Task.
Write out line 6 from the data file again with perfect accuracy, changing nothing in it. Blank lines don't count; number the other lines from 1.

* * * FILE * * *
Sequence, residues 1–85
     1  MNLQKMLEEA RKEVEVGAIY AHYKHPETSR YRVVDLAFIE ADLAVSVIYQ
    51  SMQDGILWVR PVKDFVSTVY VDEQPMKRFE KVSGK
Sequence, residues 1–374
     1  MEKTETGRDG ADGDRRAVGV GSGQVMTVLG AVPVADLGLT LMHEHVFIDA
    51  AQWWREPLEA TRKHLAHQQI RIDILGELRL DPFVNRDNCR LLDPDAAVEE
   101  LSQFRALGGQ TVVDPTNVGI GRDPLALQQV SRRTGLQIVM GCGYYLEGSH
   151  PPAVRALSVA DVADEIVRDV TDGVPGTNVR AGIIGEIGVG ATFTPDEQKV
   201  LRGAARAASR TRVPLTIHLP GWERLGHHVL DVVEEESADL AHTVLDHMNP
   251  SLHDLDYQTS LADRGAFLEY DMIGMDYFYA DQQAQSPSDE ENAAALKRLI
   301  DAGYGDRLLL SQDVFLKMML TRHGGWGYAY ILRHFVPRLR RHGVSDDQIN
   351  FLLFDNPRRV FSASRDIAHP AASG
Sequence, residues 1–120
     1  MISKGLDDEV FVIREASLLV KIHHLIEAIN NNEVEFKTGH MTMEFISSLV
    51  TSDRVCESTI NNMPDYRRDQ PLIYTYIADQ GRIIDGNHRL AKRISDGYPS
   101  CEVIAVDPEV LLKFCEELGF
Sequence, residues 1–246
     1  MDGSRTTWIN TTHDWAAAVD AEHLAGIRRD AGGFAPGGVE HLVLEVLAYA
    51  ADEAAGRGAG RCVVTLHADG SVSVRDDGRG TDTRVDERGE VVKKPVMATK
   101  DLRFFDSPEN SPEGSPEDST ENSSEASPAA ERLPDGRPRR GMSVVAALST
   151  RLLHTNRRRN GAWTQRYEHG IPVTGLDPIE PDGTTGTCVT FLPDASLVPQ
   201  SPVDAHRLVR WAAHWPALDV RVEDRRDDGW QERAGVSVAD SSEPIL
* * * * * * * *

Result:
    51  AQWWREPLEA TRKHLAHQQI RIDILGELRL DPFVNRDNCR LLDPDAAVEE